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 Post subject: Prototype Handgun Rest
PostPosted: Thu May 14, 2015 11:51 am 
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I've bought a couple new handguns in the past 6 months, so figured why not use some of my ww jig stuff to make a fully adjustable rest for sighting in. In the past, I've just used a whatever was handy to provide some support, which is less than satisfactory.

This one is adjustable for elevation, windage, and forearm support to accommodate a variety of pistols and revolvers. It clamps into an old workmate I have. If it works out like I expect I'll make a nicer one out of some hardwood. The prototype is just whatever scrap I had laying around.

Image

First test of the prototype. As you can see in the pic, I added some temp padding, and also a rubber cup for the grip to absorb recoil and add some additional stability (carved out an old rubber sanding block for that).

Image

Pretty happy with it so far, but I need some new glasses. Could not get focused well on the front sight, which shows up in the vertical stringing. POA was std. bull on top of front sight.

This was the second target. First target, shots were low and left about 4" so went back in the shop and drifted the rear sight a bit. Still a little to the left as you can see, so might administer another tap or two.
The target bullseye (black) is 1" dia.

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PostPosted: Thu May 14, 2015 11:57 pm 
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Not bad Gene, but does felt give enough vibration damping? That may be the cause of the vertical group. You might also give some thought to changing the rubber block for resting the grip on. The vertical wall that the back of the grip rest against may actually be the cause of the vertical problem.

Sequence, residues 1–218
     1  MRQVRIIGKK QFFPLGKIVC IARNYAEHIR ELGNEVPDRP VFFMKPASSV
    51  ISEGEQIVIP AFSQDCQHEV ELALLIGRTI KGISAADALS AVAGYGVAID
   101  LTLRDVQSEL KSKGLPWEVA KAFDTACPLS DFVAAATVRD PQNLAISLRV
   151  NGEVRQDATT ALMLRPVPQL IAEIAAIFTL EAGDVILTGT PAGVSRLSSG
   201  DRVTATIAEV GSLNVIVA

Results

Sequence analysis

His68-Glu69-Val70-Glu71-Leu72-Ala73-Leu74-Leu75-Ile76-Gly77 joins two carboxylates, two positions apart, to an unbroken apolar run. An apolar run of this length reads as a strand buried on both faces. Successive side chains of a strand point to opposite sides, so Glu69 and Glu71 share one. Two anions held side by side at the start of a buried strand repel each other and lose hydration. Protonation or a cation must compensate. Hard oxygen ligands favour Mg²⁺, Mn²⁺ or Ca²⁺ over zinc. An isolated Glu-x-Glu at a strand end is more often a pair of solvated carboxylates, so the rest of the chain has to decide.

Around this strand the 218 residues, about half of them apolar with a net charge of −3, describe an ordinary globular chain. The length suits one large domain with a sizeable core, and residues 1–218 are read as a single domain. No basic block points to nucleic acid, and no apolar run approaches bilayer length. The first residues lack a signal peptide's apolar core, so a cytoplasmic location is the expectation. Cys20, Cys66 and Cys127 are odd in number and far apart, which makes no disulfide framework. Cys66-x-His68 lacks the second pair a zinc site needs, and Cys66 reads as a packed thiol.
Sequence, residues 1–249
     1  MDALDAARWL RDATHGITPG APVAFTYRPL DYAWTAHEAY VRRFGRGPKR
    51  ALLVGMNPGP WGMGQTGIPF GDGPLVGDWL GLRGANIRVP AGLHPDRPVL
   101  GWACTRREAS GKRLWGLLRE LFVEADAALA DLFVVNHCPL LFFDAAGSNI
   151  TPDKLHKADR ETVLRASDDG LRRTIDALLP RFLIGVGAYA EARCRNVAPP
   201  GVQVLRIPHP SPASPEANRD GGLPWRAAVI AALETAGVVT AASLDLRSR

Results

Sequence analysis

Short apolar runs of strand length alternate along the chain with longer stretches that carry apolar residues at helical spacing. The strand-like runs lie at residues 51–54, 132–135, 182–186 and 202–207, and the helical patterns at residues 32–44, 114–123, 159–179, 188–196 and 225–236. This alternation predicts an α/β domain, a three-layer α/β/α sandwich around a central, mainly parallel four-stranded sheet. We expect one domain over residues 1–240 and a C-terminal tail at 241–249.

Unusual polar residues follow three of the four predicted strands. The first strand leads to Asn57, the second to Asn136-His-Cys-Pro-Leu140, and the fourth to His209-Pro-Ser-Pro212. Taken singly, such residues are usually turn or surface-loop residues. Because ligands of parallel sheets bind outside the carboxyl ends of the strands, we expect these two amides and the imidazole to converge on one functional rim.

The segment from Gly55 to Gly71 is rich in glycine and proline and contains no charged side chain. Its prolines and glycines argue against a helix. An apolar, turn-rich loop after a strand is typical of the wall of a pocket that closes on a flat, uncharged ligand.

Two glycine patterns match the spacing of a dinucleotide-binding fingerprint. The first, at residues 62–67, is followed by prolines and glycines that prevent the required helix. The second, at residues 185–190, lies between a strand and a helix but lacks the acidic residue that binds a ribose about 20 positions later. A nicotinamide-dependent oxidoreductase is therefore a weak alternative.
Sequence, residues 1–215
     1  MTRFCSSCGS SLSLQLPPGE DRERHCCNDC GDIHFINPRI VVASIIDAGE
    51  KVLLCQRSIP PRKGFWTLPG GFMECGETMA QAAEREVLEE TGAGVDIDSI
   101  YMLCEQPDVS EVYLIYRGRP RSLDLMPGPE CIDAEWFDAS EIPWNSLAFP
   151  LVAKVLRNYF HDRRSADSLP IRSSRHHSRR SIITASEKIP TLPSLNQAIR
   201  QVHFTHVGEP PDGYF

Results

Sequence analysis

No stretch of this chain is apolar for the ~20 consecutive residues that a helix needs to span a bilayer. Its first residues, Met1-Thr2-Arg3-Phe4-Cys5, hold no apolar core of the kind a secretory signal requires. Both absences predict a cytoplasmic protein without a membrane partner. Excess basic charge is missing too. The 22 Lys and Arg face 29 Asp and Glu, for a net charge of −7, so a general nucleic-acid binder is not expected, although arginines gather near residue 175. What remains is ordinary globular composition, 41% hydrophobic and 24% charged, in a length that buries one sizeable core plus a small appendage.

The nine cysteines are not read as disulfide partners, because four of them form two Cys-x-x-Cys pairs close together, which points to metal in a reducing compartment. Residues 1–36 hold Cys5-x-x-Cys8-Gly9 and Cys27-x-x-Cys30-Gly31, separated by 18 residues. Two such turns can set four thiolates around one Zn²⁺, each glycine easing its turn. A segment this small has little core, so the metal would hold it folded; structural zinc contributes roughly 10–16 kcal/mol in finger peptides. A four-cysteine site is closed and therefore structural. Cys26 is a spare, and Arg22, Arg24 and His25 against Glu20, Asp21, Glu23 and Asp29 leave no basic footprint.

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PostPosted: Fri May 15, 2015 4:42 am 
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Ice Pirate wrote:
Not bad Gene, but does felt give enough vibration damping? That may be the cause of the vertical group. You might also give some thought to changing the rubber block for resting the grip on. The vertical wall that the back of the grip rest against may actually be the cause of the vertical problem.


Thanks, I'll try out a couple different setups. :) I've already planned on using some leather to pad the "V" and arm rest, but what would you suggest to replace the grip cup?

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PostPosted: Fri May 15, 2015 9:56 am 
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Most pistol sleds I've seen were either unsupported at the rear (i.e. held entirely by the shooter), or gripped by the sides by the sled.

The ones that were supported at the rear allowed for the pistol to pivot at that point rather than be stopped completely.